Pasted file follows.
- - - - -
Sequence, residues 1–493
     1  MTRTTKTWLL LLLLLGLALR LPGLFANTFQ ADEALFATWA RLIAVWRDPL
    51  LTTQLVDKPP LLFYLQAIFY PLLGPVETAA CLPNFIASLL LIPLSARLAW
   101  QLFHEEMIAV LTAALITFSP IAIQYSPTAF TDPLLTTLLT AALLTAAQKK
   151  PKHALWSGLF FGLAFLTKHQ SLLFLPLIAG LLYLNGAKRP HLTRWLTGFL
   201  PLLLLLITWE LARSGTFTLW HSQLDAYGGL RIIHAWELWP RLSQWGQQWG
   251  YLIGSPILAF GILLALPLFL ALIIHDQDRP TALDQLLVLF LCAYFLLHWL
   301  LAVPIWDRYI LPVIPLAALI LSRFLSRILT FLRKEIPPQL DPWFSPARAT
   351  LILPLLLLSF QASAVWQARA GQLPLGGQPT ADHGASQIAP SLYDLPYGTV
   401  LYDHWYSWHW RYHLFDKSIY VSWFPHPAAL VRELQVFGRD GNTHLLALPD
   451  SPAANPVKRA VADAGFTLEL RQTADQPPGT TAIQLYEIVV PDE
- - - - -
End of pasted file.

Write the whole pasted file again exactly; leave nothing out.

Sequence, residues 1–493
     1  MTRTTKTWLL LLLLLGLALR LPGLFANTFQ ADEALFATWA RLIAVWRDPL
    51  LTTQLVDKPP LLFYLQAIFY PLLGPVETAA CLPNFIASLL LIPLSARLAW
   101  QLFHEEMIAV LTAALITFSP IAIQYSPTAF TDPLLTTLLT AALLTAAQKK
   151  PKHALWSGLF FGLAFLTKHQ SLLFLPLIAG LLYLNGAKRP HLTRWLTGFL
   201  PLLLLLITWE LARSGTFTLW HSQLDAYGGL RIIHAWELWP RLSQWGQQWG
   251  YLIGSPILAF GILLALPLFL ALIIHDQDRP TALDQLLVLF LCAYFLLHWL
   301  LAVPIWDRYI LPVIPLAALI LSRFLSRILT FLRKEIPPQL DPWFSPARAT
   351  LILPLLLLSF QASAVWQARA GQLPLGGQPT ADHGASQIAP SLYDLPYGTV
   401  LYDHWYSWHW RYHLFDKSIY VSWFPHPAAL VRELQVFGRD GNTHLLALPD
   451  SPAANPVKRA VADAGFTLEL RQTADQPPGT TAIQLYEIVV PDE